A moving party is entitled to summary judgment "if the pleadings, depositions, answers to interrogatories, and admissions on file, together with the affidavits, if any, show that there is no genuine issue as to any material fact and that the moving party is entitled to a judgment as a matter of law." Fed.R.Civ.P. 56(c). The ultimate inquiry is whether a reasonable jury could find for the nonmoving party based on the evidence presented, the legitimate inferences that could be drawn from that evidence in favor of the nonmoving party, and the applicable burden of proof. See Anderson v. Liberty Lobby, Inc., 477 U.S. 242, 252 (1986). In determining a motion for summary judgment, all inferences to be drawn from the facts contained in the exhibits and depositions "must be viewed in the light most favorable to the party opposing the motion." United States v. Diebold, Inc., 369 U.S. 654, 655 (1962); Hawkins v. Steingut, 829 F.2d 317, 319 (2d Cir. 1987). Nevertheless, "the litigant opposing summary judgment `may not rest upon mere conclusory allegations or denials' as a vehicle for obtaining a trial." Quinn v. Syracuse Model Neighborhood Corp., 613 F.2d 438, 445 (2d Cir. 1980) (quoting SEC v. Research Automation Corp., 585 F.2d 31, 33 (2d Cir. 1978)).

IV. DISCUSSION

On a motion for summary judgment, the defendants must first make a prima facie showing that they were not negligent in treating plaintiff. Alvarez v. Prospect Hosp., 68 N.Y.2d 320, 324-25 (1986). If the defendants satisfy this burden, the plaintiff "must submit evidentiary facts or materials to rebut the prima facie showing by the defendant physician that he was not negligent in treating plaintiff so as to demonstrate the existence of a triable issue of fact." Id.

Defendants have met this burden by submitting expert affidavits and reports stating that Dr. Esper rendered proper care to Miller. One of defendants' experts, Roger Barrowman, M.D. ("Dr. Barrowman"), stated in his report that:

Dr. Esper supervised an organized plan of treatment for a trauma victim . . . . He facilitated the contact of the surgeon and the OR team. . . . He placed a chest tube in the patient while in the E.D. [Emergency Department] and decided to take the patient to the OR [operating room]. I believe that was a wise decision at the time. A controlled and better-equipped operating room environment would normally provide a better chance of successful outcome than an E.D. "crash" thoracotomy. Retrospectively, with the autopsy information, the decision was further supported. The wound clearly required definitive surgical repair, which could not have been performed in the ED. Unfortunately, the patient's wound was so severe that the readiness of the OR was impossible in the short time required. . . . The issue of elapsed time in the sequence of events may be argued as being excessive and contributing to the patient's death. . . . I agree that given the patient's injury, there was a brief period of time when he may have been saved and that saving this patient would have required surgery very soon after the initial event. One can only speculate on the exact length of time of this window of opportunity, but in this patient, it was obviously less than the approximately 1 hour and 47 minutes from injury to cardiac arrest.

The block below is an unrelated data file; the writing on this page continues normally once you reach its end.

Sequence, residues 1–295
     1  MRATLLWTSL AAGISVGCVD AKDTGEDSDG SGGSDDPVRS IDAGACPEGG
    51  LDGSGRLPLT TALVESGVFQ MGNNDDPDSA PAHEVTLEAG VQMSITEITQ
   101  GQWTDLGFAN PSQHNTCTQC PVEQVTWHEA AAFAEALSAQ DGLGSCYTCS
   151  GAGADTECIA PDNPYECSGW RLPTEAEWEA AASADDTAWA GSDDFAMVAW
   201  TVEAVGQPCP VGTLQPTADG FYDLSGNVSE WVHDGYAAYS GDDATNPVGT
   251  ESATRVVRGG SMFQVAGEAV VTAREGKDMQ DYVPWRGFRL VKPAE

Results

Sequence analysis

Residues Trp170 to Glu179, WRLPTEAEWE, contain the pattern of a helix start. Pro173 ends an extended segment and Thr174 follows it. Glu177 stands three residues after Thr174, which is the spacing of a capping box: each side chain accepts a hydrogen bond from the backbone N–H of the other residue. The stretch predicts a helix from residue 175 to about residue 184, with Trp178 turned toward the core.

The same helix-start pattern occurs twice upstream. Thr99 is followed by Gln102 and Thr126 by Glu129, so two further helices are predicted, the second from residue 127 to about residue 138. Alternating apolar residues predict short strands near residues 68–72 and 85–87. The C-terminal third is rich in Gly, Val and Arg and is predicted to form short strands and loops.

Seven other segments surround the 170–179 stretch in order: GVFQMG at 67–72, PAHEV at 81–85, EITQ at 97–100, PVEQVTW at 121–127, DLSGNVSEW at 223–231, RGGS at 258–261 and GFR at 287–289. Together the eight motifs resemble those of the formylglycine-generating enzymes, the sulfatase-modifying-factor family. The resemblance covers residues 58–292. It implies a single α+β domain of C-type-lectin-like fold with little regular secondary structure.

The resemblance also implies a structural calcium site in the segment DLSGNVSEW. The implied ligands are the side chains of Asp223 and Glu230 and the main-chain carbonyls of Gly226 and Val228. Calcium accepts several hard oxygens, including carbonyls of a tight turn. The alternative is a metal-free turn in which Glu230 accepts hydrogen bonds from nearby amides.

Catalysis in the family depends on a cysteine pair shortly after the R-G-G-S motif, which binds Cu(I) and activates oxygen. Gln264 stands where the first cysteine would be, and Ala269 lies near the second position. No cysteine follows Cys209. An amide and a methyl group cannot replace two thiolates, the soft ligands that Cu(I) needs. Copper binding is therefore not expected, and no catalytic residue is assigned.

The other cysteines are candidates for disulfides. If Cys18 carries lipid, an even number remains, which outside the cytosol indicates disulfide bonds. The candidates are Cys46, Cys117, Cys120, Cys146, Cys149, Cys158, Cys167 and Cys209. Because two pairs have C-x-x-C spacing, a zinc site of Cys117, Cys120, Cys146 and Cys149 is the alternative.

However, I disagree that providing such care was possible given the circumstances in this case. . . . [O]pening a patient's chest in a suboptimal environment, i.e., in the field or the ED, is associated with a mortality approaching 100%. . . . [S]uch a "crash" thoracotomy . . . would have been a difficult procedure . . . and the expertise (and time) necessary to dissect, localize, and repair the bleeding vessel would have precluded anything but an OR procedure. . . .
The emergency care in this case was excellent. The mortality for this type of injury is very high even in large academic urban trauma centers under the best of circumstances. There was no ...